Can You Buy a Big Franchise?
Can a small fish survive in a big pond? Yes--even in this economy, big franchises are seeking single-unit franchisees just like you.
Once you realize the appeal of joining a big franchise, the next logical question is: "Is it possible for me?" Even if you're extremely interested in buying a McDonald's or Subway or 7-Eleven, will those big-name players want to sell to you, Joe the Franchisee?
Absolutely, says Hardy Grewal, a longtime Subway franchisee and Subway's development agent for Los Angeles County and Orange County, Calif. The chances for a regular guy to buy into a big brand like Subway "are there, if you have the capital and the background we're looking for," says Grewal, who receives about 4,000 applications every quarter. "We are still approving new franchisees now--maybe not to the extent as when the brand was growing originally, but there are always new opportunities. Plus, people in the system may want to retire and sell stores, so we're always looking into our pool of qualified people. "
Contrary to conventional franchising wisdom, Subway does seek the entrepreneurial spirit in new franchisees, Grewal says. Investors? Not so much.
"I sift out doctors or engineers who are looking for a second income," he says. "We want people involved in the day-to-day and who want to expand the brand."
Even in the current financial crisis, "don't expect the larger and more experienced or important brands to panic and take in any candidate that simply has the money to open," says Michael H. Seid, founder and managing director of franchise advisory firm Michael H. Seid & Associates and co-author of Franchising for Dummies.
In fact, single-unit franchisees might find an upside to the economic downturn. "Many franchisors are going to be challenged for the next nine months to a year," Seid says. "A solid single-unit franchisee will be attractive to them to help meet their current growth projections."
What, specifically, will make you attractive to franchisors? "Come to the table with the needed capital and an ability to qualify for a loan--that's what franchisors need right now from a prospective franchisee. For the next year, available liquid capital will play a very important role in candidate acceptance," Seid says. "Franchisors also look for background and experience, but not necessarily in a related industry. How well you've done in your career is an indication of future performance. And show you understand the brand and the culture of the franchise system, and be respectful, even excited, about joining the system."
Also understand that research is all the more important now--even the biggest franchises could be eventually affected by the economy, some for better, some for worse. "This downturn will positively affect those brands with quality offerings at a lower price point," Seid says. "But high-end restaurants and hotels will face some issues in the coming year."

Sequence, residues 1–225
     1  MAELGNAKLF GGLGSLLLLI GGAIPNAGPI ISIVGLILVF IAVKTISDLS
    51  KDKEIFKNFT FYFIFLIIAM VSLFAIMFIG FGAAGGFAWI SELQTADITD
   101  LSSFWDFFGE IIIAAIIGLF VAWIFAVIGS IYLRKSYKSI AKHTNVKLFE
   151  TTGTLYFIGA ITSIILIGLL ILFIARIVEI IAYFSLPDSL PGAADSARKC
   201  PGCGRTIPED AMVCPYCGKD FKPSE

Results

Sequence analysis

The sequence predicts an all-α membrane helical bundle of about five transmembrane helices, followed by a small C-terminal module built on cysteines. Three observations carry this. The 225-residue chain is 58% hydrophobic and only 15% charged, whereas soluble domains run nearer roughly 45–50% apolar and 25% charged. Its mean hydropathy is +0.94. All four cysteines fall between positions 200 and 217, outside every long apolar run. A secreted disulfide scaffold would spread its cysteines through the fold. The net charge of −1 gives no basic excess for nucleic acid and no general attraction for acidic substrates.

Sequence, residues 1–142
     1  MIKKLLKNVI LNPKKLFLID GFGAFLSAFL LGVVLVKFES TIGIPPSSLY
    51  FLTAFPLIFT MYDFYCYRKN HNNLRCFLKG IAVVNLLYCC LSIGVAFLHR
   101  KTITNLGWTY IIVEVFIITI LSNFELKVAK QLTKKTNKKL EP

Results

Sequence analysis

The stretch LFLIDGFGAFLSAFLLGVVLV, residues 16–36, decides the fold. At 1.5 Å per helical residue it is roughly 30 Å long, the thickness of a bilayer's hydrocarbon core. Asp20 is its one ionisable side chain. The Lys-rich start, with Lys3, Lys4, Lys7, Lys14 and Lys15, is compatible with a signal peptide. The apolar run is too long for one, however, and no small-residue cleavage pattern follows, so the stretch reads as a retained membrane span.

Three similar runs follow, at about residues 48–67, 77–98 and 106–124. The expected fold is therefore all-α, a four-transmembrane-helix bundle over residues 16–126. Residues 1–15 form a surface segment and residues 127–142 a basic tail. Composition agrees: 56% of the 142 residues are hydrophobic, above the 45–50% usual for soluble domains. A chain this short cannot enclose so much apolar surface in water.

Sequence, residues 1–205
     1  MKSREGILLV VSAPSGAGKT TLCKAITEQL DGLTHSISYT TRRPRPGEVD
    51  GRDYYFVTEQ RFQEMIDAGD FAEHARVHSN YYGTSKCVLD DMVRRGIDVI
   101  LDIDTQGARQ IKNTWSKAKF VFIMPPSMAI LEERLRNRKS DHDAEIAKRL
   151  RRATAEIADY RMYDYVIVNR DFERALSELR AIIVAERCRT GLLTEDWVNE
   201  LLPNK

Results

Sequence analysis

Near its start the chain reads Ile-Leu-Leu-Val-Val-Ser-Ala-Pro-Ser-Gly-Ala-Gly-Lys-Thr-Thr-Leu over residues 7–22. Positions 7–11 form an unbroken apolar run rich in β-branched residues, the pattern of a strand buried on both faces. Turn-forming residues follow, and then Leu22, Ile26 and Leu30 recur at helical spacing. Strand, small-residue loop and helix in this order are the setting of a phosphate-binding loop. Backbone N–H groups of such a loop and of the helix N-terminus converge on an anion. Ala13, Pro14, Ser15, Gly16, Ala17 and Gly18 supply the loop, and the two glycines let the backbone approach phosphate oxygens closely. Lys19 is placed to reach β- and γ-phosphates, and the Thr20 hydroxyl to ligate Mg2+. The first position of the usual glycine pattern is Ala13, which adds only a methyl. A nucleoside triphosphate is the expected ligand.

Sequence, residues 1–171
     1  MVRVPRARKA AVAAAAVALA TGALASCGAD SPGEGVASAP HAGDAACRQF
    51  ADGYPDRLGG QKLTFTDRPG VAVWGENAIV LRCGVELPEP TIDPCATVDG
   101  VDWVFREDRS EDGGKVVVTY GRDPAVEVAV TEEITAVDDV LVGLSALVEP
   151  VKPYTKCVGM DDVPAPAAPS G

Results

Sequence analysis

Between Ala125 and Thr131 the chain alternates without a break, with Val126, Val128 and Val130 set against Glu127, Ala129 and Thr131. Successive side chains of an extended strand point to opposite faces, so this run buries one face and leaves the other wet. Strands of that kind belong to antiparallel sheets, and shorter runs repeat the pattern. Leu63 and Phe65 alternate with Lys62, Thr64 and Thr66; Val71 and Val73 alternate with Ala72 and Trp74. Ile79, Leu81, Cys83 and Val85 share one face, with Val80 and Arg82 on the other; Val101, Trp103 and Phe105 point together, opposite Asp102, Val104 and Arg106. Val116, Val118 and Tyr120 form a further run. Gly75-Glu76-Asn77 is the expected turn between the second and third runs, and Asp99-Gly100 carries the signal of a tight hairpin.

What's Grewal's best advice for franchisees looking to succeed in a big franchise? Go for it in the due diligence phase, as he did when he bought his first Subway location.
"Instead of going to the financials right away, I talked to at least 10 franchisees in the system, asking their honest opinion about any problems," he says.
Also, ask questions about guarantees on leases and visit websites of franchisees--even the unhappy ones. Grewal says discontent franchisees are common in any large system.
"There will always be one or two franchisees [who are disgruntled]. If you visit 10 stores and they all say they want to sell, then that's when you shouldn't touch a franchise."
Once you join a big franchise, Grewal recommends maximizing your opportunity by staying open to growth.
"Some people buy one or two stores because they want to count the cash themselves every day. They don't want to delegate," he says. "I had the ability to do that."
Because of that ability, this Indian immigrant rose from buying one franchise to owning 25 to overseeing 700.
"I couldn't have dreamed of getting to where I am today without franchising," Grewal says. "I'd probably be an accountant making nowhere near what I'm earning now. It was through franchising that I was able to accomplish the American Dream."
Entrepreneur.com readers: How did you finance your franchise? In this tight credit market, franchisees have to be more creative than ever in financing their franchise. What is the most creative approach you took to find franchise funding, or what is the most creative financing story you've heard from another franchisee?
E-mail your stories to email@example.com . Then check back to this column; in an upcoming month, we'll reveal the most creative financing stories of the bunch.
Entrepreneur Editors' Picks
Kale Was a Garnish Before This Creative Genius Made It Famous. Here's How She Did It — and What She's Planning Next.
Telling Your Brand Story Is Crucial. 4 Steps to Ensure That It Resonates.
This Baker Was Told Not to Speak Spanish With Colleagues, So She Started Her Own Cake Company That Values Employees Just as Much as Customers
Improving Yourself Takes 9.6 Minutes of Work Each Day
Meet the Women Behind Some of McDonald's Most Iconic (and Essential) Ingredients — and How They're Setting New Standards
Remote Work Shouldn't Be Up for Debate
Employees Are Over Foosball Tables and Free Snacks. Your Company Culture Needs This Instead.